An annotated bibliography provides summary and evaluation of source material collected on a specific topic or research question. Sometimes the annotated bibliography is an independent project – designed primarily to map out the research available on a topic. Other times it is used as part of a larger writing project.
The first step is to understand the main components and formatting requirements for an annotated bibliography. And second, we will look at a template for producing an annotated bibliography.
Formatting the Annotated Bibliography
An entry for an annotated bibliography contains 2 components: the Citation and the Annotation.
|Annotated Bibliography – Components for One Entry|
Use the style suitable to your course or field of study.
For this course, we are using the APA style.
An annotation is usually a 100-300-word paragraph.
It includes the following information:
Prensky, M. (2001). Digital Natives, Digital Immigrants. On The Horizon, 9(5). Retrieved from http://www.marcprensky.com/writing/Prensky%20-%20Digital%20Natives,%20Digital%20 Immigrants%20-%20Part1.pdf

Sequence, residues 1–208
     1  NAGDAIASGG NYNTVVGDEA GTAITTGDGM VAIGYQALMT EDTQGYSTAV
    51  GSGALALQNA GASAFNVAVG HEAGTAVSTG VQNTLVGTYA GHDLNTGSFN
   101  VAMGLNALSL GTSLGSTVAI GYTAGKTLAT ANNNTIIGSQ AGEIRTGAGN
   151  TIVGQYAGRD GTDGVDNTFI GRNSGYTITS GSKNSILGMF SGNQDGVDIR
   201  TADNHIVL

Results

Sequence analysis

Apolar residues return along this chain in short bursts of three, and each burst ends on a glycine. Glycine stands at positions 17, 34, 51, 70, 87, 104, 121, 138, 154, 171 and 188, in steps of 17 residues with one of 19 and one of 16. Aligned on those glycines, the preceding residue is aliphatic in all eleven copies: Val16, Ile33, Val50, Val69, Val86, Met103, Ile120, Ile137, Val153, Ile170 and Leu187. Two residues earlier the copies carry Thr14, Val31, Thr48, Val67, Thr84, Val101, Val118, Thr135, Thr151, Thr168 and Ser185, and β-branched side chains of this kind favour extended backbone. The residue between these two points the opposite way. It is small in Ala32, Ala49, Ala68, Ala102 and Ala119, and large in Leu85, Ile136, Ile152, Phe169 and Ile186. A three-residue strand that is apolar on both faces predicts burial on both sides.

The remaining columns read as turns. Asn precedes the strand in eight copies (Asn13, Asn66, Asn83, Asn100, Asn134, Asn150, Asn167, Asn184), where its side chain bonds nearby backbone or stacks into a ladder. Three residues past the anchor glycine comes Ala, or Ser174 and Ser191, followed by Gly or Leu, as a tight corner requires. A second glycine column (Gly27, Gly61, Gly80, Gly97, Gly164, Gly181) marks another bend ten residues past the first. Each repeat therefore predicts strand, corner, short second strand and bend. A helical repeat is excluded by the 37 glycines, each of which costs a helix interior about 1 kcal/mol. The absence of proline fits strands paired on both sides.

Producing an Annotated Bibliography
In its final form, an annotated bibliography opens with a brief introduction, explaining the overall topic or research question and clearly indicating the scope and focus of the research. Then, it provides a list of entries, with the full citation and annotation.
Let’s build part of an annotated bibliography for this research question:
Digital technology influences how we gain access to information and how we communicate with other people. In the 21st century, what skills will be essential?
First, complete an introduction to the annotated bibliography. Use the headings in the template to guide you.
Then, complete one sample entry for the article: “Why We Need to Teach 21st Century Skills – And How to Do it.” If you haven’t yet read it, the article is available online here.